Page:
What’s more, special traits are the clincher when the selection between potential cast members is a close call. These are qualities that employees bring, deliver, and maintain with little or no effort. Bringing them out does not require constant leadership or motivation if you have hired people who already have the best gifts within them. Watching these team members shine in the area of their special abilities is a joy, and they usually only need to be given general guidelines about how to operate.
Give them their lines
With the previous points in mind, it’s time to consider the matters of managing and motivating. If a movie director assembles an undisciplined cast, who are lacking in talent, disinterested, poorly focused, and rebellious, the movie will be doomed.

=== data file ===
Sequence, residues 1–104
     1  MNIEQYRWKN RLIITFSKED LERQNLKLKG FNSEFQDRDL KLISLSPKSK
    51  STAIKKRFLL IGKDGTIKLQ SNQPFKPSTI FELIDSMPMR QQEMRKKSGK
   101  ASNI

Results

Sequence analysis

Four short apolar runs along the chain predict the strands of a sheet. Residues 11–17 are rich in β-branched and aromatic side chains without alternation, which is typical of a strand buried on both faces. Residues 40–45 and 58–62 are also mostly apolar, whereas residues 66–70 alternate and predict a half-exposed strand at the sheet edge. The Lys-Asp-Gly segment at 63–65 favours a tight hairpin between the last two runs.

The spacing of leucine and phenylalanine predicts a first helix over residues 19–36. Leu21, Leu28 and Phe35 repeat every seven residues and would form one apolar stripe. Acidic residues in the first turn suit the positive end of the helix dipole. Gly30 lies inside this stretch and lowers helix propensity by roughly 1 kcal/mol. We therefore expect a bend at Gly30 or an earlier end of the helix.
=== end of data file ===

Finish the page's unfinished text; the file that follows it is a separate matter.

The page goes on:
The same can happen to any business if the characters are not a good fit and lacking talent. It’s especially pressing if the product or service is a nice-to-have. You can get away with poor cast members if you’re just selling groceries—everyone needs groceries and customers usually are looking for low prices more than stellar service.
But the story in a chiropractic practice is about being an addition to a patient’s healthcare needs—their insurance may not even cover it. So, once cast members have been brought in to bring your story to life, the next step is to give them their lines.
Tell them what to say, who the target patient is, how to manage logistics, how soon to report problems, and what the desired office feel and energy level should be. Give cast members their lines and their roles and then get out of their way.
Stick to the story